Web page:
Today's computers should be good for 20 years

Discussion in 'Computer Science & Culture' started by Syzygys, Jun 15, 2012.

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  1. Read-Only Valued Senior Member

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    True. And they still use discrete components on motherboards and in power supplies - and those things come in varying degrees of reliability. My youngest son is an IT service tech and he's told me they've seen a rash of component problems in the past year - mostly related to capacitor failures (leaking, shorted, etc.).
     
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  3. KilljoyKlown Whatever Valued Senior Member

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  5. Buddha12 Valued Senior Member

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    Heat kills everything inside a computer over time and the manufacturers know it. They also know that they don't build the state of the art computers for people because they are always building something better every 6 months. I think they are 5 years ahead of everyone but only sell products that are 6 months ahead so they can keep "improving" their products for everyone to buy an improved model and a newer model that only newer types of software can be used with.
     
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  7. Gustav Banned Banned

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    ahh
    i see
    a deliberate choice to shorten shelf life
    i should find a offshore supplier of these drives, use aluminum and corner the market


    another example of "designed to fail" and certainly not a limitation of existing technology. we had choices and settled for a spinning disc


    the other option is an integrated circuit which is more reliable, lasts longer and costs around the same? this alternative is not utilized because....?


    ok thats totally evil
    they designed it to generate heat so it will fail sooner
    a vast conspiracy has been exposed
     
    Last edited: Jun 23, 2012
  8. Repo Man Valued Senior Member

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    No, they design it knowing that it would last longer if they took better steps to dissipate the heat (better airflow, larger fans, larger heat sinks, etc.) and knowingly do not take those steps because it would increase the manufacturing costs, and the final retail price. Marketing a low end lap top as more likely to be working five years after the date of purchase, while costing $50.00 more than a competitor's (while having the same, or nearly identical specs), is not a winning market strategy.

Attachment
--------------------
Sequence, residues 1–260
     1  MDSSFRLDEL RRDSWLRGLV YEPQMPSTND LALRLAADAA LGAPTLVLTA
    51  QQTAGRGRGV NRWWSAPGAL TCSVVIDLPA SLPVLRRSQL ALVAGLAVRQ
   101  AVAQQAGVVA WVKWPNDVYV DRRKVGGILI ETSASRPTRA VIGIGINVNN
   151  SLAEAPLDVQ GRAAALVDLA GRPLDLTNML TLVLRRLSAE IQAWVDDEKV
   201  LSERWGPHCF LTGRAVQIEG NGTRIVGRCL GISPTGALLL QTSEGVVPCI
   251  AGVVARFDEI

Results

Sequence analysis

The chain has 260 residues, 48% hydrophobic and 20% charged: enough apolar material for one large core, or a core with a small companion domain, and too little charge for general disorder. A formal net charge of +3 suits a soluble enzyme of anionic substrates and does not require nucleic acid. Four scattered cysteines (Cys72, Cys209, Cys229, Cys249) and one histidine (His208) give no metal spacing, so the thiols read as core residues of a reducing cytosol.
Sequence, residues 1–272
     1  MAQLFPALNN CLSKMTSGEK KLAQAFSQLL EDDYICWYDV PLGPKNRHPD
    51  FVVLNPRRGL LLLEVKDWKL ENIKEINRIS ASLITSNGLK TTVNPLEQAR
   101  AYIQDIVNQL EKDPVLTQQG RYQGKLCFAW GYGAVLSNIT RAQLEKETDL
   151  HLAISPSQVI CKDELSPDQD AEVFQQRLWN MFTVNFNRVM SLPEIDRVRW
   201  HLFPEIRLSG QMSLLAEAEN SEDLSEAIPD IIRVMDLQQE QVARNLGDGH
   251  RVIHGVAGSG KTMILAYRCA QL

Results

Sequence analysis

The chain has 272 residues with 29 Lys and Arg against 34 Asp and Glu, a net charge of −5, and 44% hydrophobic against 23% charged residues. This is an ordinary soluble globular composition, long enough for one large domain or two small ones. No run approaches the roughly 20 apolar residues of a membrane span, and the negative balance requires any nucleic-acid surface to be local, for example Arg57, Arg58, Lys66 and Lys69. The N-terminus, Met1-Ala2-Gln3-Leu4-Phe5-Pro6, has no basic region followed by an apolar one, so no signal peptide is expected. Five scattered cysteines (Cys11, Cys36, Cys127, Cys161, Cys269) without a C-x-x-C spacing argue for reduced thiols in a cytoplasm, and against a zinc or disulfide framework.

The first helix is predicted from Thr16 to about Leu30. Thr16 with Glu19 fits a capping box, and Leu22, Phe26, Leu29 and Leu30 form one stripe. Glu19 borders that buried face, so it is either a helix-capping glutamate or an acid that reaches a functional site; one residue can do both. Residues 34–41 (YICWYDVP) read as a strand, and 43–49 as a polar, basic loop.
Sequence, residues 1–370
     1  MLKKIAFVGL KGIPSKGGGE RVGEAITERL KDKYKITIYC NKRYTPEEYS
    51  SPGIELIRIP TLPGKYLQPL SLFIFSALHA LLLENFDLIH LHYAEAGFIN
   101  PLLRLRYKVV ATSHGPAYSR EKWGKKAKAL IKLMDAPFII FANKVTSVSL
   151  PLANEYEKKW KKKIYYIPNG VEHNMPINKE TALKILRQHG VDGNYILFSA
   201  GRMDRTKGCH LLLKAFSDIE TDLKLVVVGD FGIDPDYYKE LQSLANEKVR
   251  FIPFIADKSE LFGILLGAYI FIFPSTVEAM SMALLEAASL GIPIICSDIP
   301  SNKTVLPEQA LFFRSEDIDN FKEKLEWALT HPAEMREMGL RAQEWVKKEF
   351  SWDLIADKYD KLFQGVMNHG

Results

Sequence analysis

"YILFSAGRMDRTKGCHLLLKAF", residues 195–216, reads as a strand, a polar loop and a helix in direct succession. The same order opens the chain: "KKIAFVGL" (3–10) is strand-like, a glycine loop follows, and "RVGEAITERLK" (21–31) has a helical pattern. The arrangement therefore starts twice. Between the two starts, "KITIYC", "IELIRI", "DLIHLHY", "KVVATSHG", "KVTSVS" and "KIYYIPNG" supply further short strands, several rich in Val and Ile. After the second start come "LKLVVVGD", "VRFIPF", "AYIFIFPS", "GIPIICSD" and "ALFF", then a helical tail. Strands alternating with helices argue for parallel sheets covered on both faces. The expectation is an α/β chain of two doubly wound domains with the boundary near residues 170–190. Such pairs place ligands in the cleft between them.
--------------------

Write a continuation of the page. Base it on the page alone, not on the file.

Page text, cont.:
9. Gustav Banned Banned

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    so
    designed to be affordable and competitive or designed to fail?
     
  10. Repo Man Valued Senior Member

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    Those aren't mutually exclusive qualities. How about not designed to last any longer than marketing projects it will need to? Or, engineers specifying better quality capacitors, MOSFETs, heat sinks, etc., only to be overruled by the accounting department?
     
  11. KilljoyKlown Whatever Valued Senior Member

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    There's a large after market for a variety extra cooling kits. For people that like to crank up their CPU's for max performance the water cooling kit (expensive) is a good cooling method. But less expensive kits that contain more and better fans and/or better heat sinks. I think you can even get a cooling kit similar to a refrigerator cooler.

    But simple maintenance like opening your computer and cleaning the dust out about every 6 months or so really helps.
     
  12. Gustav Banned Banned

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    strange how i am offended by the semantics of "designed to fail"
    perhaps i am an uber capitalist nitpicking communist soundbites
     
  13. Kittamaru Now nearly 40 pounds lighter. Staff Member

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    Gustav, any true enthusiast can tell you just how "fail" most pre-built systems are

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  14. Syzygys As a mother, I am telling you Valued Senior Member

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    I have ran into a quote, that kind of made me start this thread:

    "Advances in technology are drastic in the beginning and then they taper off due to changes being negligible and enhancements being minor (eg HDTV)."
     
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